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Many styles of Karate today call themselves "Okinawan" when, in fact, they are actually Japanese. While historical lineage and genealogical pedigree make little difference when it comes to combative functionality, resolving such historical issues does help put things in proper perspective.

 

What is Okinawan Karate?

 

Knowing the answer to this question may be best understood by first identifying what Japanese Karate is. When a handful of Uchinanchu [see endnote] first introduced the empty-hand Okinawan fighting art [then referred to as Karate-jutsu 唐手術] to the mainland of Japan it was, at best, rudimentary and individualistic.

Moreover, it had no established training uniform nor common standard through which to learn, practice, and teach, or evaluate the varying competencies of learners. It took the best part of a decade for Japanese Budo authorities [see endnote] to identify and set forth the criteria necessary to transform the rudimentary and individualistic practices into an accepted Japanese-like discipline. Borrowing liberally from both Judo [柔道] and Kendo [剣道], standards authorized by the pre-war Dai Nippon Butokukai [大日本武德會] included the dogi [道着], the obi [], the Dan/Kyu [/] system, and the ippon shobu [一本勝負] method of sport fighting used in Kendo and Judo. More than mere cosmetic alterations the entire fabric of its practice underwent a cultural metamorphosis thereby eliminating what if any remaining threads of Ryukyu heritage. Conforming to Japan's inflexible shikata-based [仕方] cultural ideology not only eliminated its original Okinawan identity it also produced yet another homogeneous microcosm epitomizing every aspect of accepted social etiquette and decorum. Formalities from bowing and blindly revering ones Sensei [先生] as all-knowing, to all other accepted ways of doing things, both in and out of the dojo [道場], became the benchmark of the new tradition. Lingering anti-Chinese sentiment amidst an unrelenting backdrop of military escalation, reformation and modernization, provided reason enough to find a new name with which to describe the now Japanized combative-like discipline.

 

In December of 1933 the Dai Nippon Butokukai ratified Japanese Karatedo [日本空手道 --- The Japanese Way of the Empty Hand] as a new martial art, arguably with the same status as Judo and Kendo. However, unlike the hands-on combative premise common in Judo & Kendo, the potential risk of serious injury from the sheer force of blows delivered in Karate reduced its application-based practices to theory as full contact fighting without protective equipment was deemed far too dangerous. To resolve this issue enthusiasts drew upon the combative theory of Ikken Hisatsu [一拳必殺], to kill with a single blow. Architects like Konishi Yasuhiro 小西康裕, and Ohtsuka Hironori 大塚博紀 [and later Funakoshi Yoshitaka 船越義豪, and Nakayama Masatoshi 中山正敏] of modern Karate reasoned that if a strike was delivered perfectly to an anatomically vulnerable structure, but without making actual contact, it could be recognized the same as scoring an ippon in Judo or Kendo. From this [untenable] theory followed the development of incongruous "self-defense" drills, [called ippon kumite 一本組手] against a multitude of implausible attack scenarios [i.e. reverse-punches, etc.] which, to this day, identifies the practice as a discipline uniquely Japanese.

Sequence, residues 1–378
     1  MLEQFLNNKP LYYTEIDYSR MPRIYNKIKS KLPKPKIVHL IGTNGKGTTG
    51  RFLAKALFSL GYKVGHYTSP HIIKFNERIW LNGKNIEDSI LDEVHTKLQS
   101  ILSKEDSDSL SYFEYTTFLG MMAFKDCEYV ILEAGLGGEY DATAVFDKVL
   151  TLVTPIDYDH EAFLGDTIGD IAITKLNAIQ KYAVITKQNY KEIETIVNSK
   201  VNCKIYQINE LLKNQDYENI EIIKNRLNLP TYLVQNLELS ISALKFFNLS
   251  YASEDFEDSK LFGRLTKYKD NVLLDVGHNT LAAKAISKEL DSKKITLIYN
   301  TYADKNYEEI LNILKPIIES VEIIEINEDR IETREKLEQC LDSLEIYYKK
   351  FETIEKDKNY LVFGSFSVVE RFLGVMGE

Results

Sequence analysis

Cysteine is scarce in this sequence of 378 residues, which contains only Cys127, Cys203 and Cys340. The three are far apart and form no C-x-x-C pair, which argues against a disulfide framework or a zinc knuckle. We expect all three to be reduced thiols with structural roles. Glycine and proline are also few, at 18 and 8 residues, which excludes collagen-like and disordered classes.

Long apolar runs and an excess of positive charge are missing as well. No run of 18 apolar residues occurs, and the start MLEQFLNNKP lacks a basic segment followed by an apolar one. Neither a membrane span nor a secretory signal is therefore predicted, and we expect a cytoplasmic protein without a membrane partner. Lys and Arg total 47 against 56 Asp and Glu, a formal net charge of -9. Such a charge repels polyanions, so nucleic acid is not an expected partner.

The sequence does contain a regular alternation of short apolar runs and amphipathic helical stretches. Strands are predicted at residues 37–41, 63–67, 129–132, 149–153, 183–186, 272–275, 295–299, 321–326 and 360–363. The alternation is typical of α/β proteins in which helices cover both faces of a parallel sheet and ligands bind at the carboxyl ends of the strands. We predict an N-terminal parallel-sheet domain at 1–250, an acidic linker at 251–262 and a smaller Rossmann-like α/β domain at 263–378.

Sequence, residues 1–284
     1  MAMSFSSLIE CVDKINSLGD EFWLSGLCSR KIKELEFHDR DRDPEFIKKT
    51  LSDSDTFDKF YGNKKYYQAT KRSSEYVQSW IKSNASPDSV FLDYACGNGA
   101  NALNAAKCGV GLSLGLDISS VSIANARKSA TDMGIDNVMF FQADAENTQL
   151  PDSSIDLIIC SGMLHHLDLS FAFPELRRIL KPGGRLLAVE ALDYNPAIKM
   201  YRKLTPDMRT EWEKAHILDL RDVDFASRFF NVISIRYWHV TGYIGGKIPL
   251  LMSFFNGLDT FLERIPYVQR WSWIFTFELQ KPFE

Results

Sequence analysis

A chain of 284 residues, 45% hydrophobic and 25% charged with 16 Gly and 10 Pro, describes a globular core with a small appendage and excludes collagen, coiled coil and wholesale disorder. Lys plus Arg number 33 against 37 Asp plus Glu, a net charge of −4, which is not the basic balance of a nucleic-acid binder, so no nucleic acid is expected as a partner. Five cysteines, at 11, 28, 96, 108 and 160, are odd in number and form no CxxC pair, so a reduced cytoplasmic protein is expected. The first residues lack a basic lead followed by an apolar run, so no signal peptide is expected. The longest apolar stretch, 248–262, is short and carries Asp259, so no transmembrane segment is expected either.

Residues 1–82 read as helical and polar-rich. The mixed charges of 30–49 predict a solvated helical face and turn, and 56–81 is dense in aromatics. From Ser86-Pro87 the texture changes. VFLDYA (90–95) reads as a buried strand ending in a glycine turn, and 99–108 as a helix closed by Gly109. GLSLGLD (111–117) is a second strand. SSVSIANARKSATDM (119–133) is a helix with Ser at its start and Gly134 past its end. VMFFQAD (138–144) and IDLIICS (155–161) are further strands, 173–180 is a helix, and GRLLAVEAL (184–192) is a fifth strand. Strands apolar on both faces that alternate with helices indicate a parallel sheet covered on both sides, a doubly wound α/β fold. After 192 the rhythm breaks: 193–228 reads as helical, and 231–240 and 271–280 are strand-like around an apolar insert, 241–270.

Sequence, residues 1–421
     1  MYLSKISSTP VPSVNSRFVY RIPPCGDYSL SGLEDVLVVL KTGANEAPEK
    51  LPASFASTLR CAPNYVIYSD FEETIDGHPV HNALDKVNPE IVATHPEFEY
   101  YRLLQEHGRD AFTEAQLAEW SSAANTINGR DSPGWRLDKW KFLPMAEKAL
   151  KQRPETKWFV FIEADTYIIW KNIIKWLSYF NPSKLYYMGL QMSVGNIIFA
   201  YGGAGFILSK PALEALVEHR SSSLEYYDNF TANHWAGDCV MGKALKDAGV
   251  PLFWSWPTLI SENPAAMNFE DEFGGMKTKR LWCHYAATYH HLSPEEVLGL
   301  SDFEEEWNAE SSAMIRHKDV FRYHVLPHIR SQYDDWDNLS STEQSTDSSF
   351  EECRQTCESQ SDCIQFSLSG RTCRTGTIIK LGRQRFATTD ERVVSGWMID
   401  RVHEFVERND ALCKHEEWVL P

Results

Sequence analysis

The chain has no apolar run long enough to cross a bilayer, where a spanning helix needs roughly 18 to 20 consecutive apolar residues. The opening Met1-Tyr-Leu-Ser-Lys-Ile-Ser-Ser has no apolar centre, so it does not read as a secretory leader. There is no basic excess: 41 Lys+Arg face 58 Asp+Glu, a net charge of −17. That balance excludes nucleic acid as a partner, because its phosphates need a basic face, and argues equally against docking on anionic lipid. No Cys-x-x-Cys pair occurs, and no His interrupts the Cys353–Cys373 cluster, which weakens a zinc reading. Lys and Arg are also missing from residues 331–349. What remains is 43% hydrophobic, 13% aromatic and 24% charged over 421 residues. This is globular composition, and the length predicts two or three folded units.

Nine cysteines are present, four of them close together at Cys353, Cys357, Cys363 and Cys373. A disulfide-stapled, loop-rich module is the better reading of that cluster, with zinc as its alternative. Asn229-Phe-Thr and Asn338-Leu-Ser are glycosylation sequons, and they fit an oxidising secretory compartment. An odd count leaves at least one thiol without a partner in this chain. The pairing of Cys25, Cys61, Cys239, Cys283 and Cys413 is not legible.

If you're learning, practicing and or teaching what has just been described, irrespective of the many names under which it is presented, you're part of a Japanese Karatedo [日本空手道] tradition ---even if it's based in Okinawa [沖縄]. This is to publicly acknowledge the rarely addressed issue of Japanese Karate reverse influencing the growth and direction of local Okinawan Karate practices in post-war Japan. Excerpted from "Legend of the Fist," by Patrick McCarthy

 

Karatedo is a modern and rule-bound Japanese interpretation of much older and foreign fighting practices. More precisely, it's actually based upon two remnants of five older fighting arts practiced during Okinawa's Old Ryukyu Kingdom Period. A wonderful cultural recreation and a challenging sport, often referred to as 3K-Karate, after its three principal training features---Kihon, Kata, Kumite, this new and rule-bound tradition was developed by the Japanese about seventy-five years ago. [See endnote]

 

* Endnote: During the years between 1921 and 1933 eight individual Uchinanchu [Gima Shinken 儀間真謹, Motobu Choki 本部 朝基, Funakoshi Gichin 船越 義珍, Chitose Tsuyoshi 千歳剛直, Miyagi Chojun 宮城 長順, Mabuni Kenwa 摩文仁賢和, Uechi Kambun 上地完文, and Toyama Kanken 遠山寬賢] traveled from Okinawa to the mainland of Japan and introduced abstract interpretations of their fighting arts principally through the practice of Kata /. The subsequent influence of the Dai Nippon Butokukai 大日本武德會 [1895-1945] upon their individualistic practices resulted in the wearing of a [Judo 柔道] gi and obi , adopting the Dan/Kyu / system [as used in Judo/Kendo] to acknowledge progress, eliminating the both Chinese prefix and feudal-based suffix ideograms, which revealed both its foreign and less than modern origins, and establishing a rule-bound competitive format [based upon the pre-existing Ikken Hisatsu 一拳必殺  theory---to kill with a single blow---prevalent in Kendo 剣道] through which to test one's technique and fighting spirit. Such conformity not only laid the foundation upon which a common standard emerged  the inflexible social mindset and omnipotent cultural landscape, through which it was vigorously embraced and delivered, lent to assimilating the unique characteristics of Japanese Budo 日本武道. In December of 1933 the Dai Nippon Butokukai 大日本武德會 ratified Karatedo 空手道 one of Japan's new/modern martial art  現代武道. - Patrick McCarthy 

 

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